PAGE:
Tyreke Evans

Central Notes: Evans, Hood, Cavs, Pistons

An unrestricted free agent over the summer, Tyreke Evans received interest from teams like the Hornets and Lakers, but elected to join the Pacers. As J. Michael of The Indianapolis Star relays, the fact that the Pacers won 48 games and gave the eventual Eastern champs all they could handle in the postseason played a significant role in Evans’ decision.

“I figured out with the run they had, watching how they played and how the chemistry was, I thought I would fit well,” Evans said of the Pacers. “Even though a lot of people think it was a Cinderella run for them, I watch basketball a lot and I could tell the heart they played with in that first round. Throughout the season they played hard every night. I saw the fight in them. I wanted to be a part of that.”

Evans also said that he has no problem playing for a smaller-market team, noting that he could’ve ended up in L.A. but felt like the Pacers were a better fit for him.

Here’s more from around the Central division:

  • Speaking to Chris Fedor of Cleveland.com, Rodney Hood acknowledged that it was tough to watch many of his fellow restricted free agents receive big-money deals this offseason while those lucrative offers didn’t materialize for him. Jabari [Parker] is like a brother to me and I know Marcus [Smart] — we came in the league together,” Hood said. “So I’m happy for them getting money and stuff like that. But I had to understand restricted free agency. At first, it was hard because I really didn’t. And I was thinking, ‘Alright, he got paid and I was supposed to.'” As Hood prepares for the biggest year of his career, the Cavaliers still want him to be part of their future beyond 2019, writes Terry Pluto of Cleveland.com.
  • Joe Vardon of The Athletic takes a closer look at the camp invitees vying for a roster spot with the Cavaliers, a group that includes Kobi Simmons, John Holland, Isaiah Taylor, and others.
  • Pistons camp invitee Zach Lofton has impressed the team this fall, as Keith Langlois of Pistons.com details. Detroit has 15 players on guaranteed salaries and two on two-way deals, but Lofton may be making a case to take over one of those two-way contract slots, tweets Vince Ellis of The Detroit Free Press.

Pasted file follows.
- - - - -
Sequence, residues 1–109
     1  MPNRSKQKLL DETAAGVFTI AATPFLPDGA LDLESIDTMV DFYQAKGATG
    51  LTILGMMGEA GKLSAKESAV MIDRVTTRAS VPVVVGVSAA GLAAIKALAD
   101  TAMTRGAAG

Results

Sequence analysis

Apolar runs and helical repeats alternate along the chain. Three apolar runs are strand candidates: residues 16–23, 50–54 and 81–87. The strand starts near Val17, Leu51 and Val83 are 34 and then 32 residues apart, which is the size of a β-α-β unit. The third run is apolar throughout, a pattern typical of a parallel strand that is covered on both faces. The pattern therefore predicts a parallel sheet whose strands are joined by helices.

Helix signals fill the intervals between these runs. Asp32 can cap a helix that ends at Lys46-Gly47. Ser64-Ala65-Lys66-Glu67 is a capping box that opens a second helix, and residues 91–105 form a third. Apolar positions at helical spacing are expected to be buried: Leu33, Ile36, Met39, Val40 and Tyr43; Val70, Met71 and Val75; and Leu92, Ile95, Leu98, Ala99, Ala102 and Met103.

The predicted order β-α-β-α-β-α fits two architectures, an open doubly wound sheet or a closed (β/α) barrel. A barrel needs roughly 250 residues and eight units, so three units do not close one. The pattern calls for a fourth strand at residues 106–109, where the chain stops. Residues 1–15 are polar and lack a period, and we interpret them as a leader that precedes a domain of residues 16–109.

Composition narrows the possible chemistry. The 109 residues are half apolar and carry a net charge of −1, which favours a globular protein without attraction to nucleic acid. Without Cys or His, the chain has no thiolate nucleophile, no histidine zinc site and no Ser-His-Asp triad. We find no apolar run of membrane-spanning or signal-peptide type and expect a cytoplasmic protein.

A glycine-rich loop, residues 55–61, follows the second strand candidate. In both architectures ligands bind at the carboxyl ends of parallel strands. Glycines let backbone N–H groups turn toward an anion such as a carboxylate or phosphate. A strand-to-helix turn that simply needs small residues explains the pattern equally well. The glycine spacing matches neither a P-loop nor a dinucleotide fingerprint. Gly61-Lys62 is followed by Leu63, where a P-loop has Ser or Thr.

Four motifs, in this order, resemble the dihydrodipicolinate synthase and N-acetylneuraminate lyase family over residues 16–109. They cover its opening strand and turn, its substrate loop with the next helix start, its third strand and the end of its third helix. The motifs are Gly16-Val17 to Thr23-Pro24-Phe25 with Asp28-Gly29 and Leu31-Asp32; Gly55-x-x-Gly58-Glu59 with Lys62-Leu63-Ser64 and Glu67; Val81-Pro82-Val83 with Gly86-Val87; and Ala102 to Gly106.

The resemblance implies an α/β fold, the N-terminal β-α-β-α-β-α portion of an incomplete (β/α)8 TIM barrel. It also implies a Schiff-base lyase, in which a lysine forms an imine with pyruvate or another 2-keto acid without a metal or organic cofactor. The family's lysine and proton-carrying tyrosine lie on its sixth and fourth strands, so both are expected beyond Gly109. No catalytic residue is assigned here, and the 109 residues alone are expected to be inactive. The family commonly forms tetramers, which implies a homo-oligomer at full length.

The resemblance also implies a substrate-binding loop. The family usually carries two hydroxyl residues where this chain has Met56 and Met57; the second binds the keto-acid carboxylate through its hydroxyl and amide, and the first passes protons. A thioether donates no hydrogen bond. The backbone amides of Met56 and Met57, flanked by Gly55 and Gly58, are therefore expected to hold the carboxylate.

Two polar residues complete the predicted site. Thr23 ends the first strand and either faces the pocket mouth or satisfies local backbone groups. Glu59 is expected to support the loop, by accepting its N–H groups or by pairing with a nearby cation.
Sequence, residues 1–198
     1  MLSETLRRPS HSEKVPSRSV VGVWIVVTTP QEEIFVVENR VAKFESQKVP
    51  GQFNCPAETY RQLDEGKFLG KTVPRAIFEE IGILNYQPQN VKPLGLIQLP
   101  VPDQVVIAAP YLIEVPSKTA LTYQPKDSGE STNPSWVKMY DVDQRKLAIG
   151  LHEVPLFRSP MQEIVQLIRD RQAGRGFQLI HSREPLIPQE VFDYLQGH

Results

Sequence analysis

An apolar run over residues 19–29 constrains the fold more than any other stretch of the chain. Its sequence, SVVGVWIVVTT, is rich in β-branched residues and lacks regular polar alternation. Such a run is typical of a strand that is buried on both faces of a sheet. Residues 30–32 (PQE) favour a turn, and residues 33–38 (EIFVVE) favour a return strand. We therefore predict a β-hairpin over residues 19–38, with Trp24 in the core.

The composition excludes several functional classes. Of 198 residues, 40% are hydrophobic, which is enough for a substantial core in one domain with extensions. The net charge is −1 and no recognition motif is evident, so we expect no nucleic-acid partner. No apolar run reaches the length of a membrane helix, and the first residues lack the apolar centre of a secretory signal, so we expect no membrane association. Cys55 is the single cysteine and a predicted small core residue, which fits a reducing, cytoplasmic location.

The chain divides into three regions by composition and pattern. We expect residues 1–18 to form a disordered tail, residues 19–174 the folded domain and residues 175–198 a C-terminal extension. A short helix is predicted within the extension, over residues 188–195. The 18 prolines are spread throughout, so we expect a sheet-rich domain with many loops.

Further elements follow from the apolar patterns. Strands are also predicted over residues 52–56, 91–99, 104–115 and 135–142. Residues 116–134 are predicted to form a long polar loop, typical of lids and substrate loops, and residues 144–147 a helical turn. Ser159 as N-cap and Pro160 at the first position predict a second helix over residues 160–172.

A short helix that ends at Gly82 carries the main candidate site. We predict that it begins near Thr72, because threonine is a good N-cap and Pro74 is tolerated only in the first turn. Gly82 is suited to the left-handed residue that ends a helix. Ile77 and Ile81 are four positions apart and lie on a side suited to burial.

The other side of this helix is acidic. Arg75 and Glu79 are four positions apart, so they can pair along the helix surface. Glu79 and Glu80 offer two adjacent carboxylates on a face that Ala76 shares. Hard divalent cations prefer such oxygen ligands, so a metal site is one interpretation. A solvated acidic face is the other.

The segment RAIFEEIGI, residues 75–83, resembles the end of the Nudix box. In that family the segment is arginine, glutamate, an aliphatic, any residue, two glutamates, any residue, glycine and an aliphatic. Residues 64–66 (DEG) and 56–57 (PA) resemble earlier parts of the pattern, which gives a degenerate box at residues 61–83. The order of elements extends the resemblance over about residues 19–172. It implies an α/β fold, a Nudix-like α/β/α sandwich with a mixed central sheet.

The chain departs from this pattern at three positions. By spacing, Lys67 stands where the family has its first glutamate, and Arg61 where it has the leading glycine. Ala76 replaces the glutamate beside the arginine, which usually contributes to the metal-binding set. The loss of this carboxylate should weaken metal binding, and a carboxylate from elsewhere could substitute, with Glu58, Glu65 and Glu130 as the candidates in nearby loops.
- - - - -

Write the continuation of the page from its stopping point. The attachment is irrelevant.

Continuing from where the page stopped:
• In a piece for The Free Press, Ellis notes that the Pistons have been giving second-round pick Bruce Brown a look at point guard during the preseason, a move endorsed by Brown’s college coach Jim Larranaga. “The more I observed him and evaluated him, the more I realized his long-term potential is really as a point guard,” Larranaga said of the former Miami Hurricane. “I think he’s going to be a point guard in the NBA.”

NBA GMs Weigh In On 2018/19 Season

NBA.com has completed its annual survey of NBA general managers, with John Schuhmann of NBA.com asking each of the league’s 30 GMs to answer an array of questions about the league’s top teams, players, and coaches. Unsurprisingly, the Warriors are once again viewed by the NBA’s general managers as the overwhelming favorites to be the last team standing, with 26 of 30 GMs (87%) picking Golden State to win the NBA championship for the fourth time in five years.

While there are many responses in the GM survey worth checking out, we’ll focus on rounding up some of the more noteworthy ones related to rosters and player movement. Let’s dive in…

  • LeBron James (30%) and Kevin Durant (27%) are viewed as the frontrunners for the 2018/19 MVP award, but two younger players led the voting for the player GMs would most want to build a franchise around starting today. Bucks star Giannis Antetokounmpo (30%) and Pelicans big man Anthony Davis (23%) led the way in that category. Interestingly, Timberwolves center Karl-Anthony Towns didn’t receive a single vote this year after leading the way with 29% of the vote in 2017.
  • The Lakers‘ signing of James helped them earn 70% of the vote for the team that made the best overall moves this offseason. The Raptors, buoyed by their acquisition of Kawhi Leonard, finished second at 20%.
  • A ton of different signings and trade acquisitions received votes for the most underrated addition of the summer, with the Pacers‘ signing of Tyreke Evans barely leading the way with four votes. The Spurs‘ trade for DeMar DeRozan, the Bulls‘ signing of Jabari Parker, the Pelicans‘ addition of Julius Randle, and the Thunder‘s acquisition of Dennis Schroder received three votes apiece.